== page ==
Iran Decides not to Pursue ‘Legal VPN’ Project
Last year, Iran’s Filtering Committee decided to block the ports of Virtual Private Network (VPN) for regular clients in the country. Accordingly, Internet users in Iran were able to circumvent governmental restrictions by utilizing this service. At the same time, Iran’s telecommunication infrastructure company launched a new project to sell ‘legal’ VPN services to ‘certified’ clients in order to fulfill domestic demands.
Mahmoud Khosravi, managing director of Iran’s Telecommunication Infrastructure Company, announced on Saturday that state-owned company has failed to market this service properly. He also went on to declare that Infrastructure Company will not pursue this project.
“Although we spent and invested millions of dollars to establish this service in Iran, only 26 companies have applied for this service. The revenues made by selling this service can barely cover the costs of establishing necessary infrastructures inside the country.” Mahmoud Khosravi remarked during an interview with local TV channel.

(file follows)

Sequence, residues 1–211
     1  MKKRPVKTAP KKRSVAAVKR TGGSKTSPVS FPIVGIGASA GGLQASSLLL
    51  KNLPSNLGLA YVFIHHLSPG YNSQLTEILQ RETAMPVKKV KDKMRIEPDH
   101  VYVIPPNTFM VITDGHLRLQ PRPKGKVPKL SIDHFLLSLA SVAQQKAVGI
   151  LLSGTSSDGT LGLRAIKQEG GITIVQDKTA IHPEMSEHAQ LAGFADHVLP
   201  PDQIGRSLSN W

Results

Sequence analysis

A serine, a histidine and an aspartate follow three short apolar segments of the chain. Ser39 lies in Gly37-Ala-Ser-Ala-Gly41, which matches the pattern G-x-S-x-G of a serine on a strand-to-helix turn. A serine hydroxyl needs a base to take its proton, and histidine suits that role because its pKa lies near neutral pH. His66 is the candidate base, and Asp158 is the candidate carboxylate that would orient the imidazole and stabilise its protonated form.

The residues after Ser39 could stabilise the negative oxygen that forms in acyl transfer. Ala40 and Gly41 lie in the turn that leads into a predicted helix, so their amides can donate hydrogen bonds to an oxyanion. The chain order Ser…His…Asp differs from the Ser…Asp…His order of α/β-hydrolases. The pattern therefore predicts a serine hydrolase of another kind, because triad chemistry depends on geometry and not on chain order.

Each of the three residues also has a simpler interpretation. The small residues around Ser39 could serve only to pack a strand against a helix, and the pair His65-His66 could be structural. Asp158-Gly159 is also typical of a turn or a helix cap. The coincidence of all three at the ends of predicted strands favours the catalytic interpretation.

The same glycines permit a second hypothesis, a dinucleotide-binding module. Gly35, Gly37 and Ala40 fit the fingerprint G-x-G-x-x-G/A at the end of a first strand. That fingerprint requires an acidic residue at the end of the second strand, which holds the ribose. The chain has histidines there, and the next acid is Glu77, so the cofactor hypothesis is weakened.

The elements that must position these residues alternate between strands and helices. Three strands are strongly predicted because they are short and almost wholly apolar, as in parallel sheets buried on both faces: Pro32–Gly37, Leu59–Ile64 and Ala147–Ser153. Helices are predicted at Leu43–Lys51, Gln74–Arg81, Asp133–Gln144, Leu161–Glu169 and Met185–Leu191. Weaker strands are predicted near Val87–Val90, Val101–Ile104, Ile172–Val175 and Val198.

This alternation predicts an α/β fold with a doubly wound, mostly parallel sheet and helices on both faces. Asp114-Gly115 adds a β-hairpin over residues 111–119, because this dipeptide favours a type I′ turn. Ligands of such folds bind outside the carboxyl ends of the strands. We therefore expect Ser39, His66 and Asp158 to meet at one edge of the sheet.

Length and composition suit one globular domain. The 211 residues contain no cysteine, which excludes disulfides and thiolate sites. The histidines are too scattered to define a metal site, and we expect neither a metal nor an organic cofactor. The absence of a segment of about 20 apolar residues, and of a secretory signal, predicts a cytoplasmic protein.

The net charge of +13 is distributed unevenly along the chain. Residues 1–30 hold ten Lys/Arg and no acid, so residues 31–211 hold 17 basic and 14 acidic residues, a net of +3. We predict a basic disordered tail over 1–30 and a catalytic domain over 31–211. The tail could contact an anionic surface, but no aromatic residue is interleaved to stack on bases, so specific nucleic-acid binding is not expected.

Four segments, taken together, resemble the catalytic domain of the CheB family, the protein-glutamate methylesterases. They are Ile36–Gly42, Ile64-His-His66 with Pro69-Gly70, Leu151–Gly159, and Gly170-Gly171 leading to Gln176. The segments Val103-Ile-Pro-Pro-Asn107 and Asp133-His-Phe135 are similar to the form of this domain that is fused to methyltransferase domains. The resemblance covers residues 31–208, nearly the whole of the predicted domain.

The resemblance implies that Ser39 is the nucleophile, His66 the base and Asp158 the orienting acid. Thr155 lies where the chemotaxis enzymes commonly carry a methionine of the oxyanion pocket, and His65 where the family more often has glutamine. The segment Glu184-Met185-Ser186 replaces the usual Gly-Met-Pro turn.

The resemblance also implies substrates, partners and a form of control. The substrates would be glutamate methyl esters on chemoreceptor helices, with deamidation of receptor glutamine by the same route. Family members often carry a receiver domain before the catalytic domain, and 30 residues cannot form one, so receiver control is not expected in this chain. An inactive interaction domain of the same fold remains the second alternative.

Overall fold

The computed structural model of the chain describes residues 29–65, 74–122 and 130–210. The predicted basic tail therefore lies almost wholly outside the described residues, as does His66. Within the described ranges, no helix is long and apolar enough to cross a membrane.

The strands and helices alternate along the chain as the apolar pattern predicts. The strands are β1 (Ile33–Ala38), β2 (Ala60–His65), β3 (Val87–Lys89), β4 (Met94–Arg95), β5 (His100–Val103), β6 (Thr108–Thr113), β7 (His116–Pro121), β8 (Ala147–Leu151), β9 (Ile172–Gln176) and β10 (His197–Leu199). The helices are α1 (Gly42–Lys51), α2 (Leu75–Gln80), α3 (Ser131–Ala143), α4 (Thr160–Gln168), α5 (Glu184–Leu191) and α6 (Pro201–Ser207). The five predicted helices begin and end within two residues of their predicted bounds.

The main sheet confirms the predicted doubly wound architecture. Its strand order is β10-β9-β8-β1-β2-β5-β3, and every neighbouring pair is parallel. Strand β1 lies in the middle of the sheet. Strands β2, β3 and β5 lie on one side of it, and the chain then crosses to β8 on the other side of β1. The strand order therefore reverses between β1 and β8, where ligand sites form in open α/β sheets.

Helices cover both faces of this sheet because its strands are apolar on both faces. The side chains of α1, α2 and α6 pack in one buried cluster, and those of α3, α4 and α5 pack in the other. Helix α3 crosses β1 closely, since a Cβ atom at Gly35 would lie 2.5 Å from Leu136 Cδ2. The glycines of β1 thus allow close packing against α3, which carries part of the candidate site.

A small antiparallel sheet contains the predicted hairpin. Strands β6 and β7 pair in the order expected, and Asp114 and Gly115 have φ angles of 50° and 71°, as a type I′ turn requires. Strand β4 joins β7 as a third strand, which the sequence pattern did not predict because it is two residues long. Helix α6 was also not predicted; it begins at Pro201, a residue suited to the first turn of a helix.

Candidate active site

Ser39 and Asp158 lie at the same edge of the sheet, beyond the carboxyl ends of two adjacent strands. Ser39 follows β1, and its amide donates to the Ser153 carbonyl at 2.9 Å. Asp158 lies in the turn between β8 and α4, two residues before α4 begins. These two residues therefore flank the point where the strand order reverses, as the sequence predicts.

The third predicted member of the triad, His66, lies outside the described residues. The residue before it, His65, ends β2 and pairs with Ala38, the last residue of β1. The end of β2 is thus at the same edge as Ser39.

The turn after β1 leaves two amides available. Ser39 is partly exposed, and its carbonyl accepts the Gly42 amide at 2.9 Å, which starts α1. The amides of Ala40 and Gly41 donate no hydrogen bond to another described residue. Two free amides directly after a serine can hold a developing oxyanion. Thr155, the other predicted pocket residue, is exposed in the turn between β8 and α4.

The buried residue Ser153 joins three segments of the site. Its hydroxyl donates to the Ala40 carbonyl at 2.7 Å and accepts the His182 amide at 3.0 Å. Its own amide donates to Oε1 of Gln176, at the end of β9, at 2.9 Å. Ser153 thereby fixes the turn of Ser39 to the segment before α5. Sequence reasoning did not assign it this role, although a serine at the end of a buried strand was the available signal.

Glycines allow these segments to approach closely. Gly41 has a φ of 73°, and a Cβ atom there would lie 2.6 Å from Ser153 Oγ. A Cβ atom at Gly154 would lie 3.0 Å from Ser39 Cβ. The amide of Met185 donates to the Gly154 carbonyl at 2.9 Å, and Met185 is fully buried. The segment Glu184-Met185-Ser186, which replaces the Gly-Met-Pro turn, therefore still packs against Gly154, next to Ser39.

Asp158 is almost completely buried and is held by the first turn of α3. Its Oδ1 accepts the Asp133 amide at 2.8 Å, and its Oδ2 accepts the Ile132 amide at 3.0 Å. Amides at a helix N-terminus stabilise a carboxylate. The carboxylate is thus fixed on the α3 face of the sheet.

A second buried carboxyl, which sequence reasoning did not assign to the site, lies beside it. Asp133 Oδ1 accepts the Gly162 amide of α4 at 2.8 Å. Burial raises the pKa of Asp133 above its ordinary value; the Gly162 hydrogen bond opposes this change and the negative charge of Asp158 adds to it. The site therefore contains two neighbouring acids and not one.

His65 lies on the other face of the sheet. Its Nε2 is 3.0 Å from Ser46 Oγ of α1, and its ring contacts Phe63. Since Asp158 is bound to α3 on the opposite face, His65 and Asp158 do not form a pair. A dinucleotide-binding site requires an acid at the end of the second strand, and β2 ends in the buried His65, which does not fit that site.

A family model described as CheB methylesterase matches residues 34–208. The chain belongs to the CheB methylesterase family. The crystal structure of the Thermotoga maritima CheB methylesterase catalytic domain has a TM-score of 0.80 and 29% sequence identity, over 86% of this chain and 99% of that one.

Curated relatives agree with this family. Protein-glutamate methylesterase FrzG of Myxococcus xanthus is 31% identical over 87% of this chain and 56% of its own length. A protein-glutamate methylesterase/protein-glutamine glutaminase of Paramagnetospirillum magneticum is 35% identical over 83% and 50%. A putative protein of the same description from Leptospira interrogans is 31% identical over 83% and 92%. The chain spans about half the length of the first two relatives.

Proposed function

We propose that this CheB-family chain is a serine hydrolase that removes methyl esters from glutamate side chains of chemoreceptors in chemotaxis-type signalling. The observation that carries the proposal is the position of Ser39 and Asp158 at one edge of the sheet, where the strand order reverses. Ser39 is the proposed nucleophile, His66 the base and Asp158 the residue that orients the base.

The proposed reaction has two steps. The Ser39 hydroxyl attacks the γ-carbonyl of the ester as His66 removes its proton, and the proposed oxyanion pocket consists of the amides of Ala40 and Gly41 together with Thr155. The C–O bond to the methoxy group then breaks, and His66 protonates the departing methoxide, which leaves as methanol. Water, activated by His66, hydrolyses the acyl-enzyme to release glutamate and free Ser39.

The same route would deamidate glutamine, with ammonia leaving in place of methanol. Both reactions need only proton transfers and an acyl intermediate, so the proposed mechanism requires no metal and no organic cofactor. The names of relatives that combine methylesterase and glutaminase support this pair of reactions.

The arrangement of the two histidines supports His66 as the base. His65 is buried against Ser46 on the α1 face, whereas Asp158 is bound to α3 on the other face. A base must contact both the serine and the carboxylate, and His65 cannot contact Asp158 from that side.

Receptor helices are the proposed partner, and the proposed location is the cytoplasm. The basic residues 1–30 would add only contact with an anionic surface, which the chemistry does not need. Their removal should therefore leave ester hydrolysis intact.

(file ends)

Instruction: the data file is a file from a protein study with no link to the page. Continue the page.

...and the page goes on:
“Unfortunately, only a limited number of organizations, companies and embassies are interested in using this network. From now on, Telecommunication Infrastructure Company will not carry on expanding and offering legal VPN services.” Mahmoud Khosravi concluded.
Iranian government has repeatedly called on local companies and individuals to register for this service.
Virtual Private Network (VPN) is originally used for encrypting sensitive information in the hope of securing them from illicit accesses.
At the time being, VPN’s ports are still blocked but clients are using other methods to bypass governmental restrictions. HTTPS proxies and Kerio Network is among most popular methods for circumventing governmental filtering in Iran.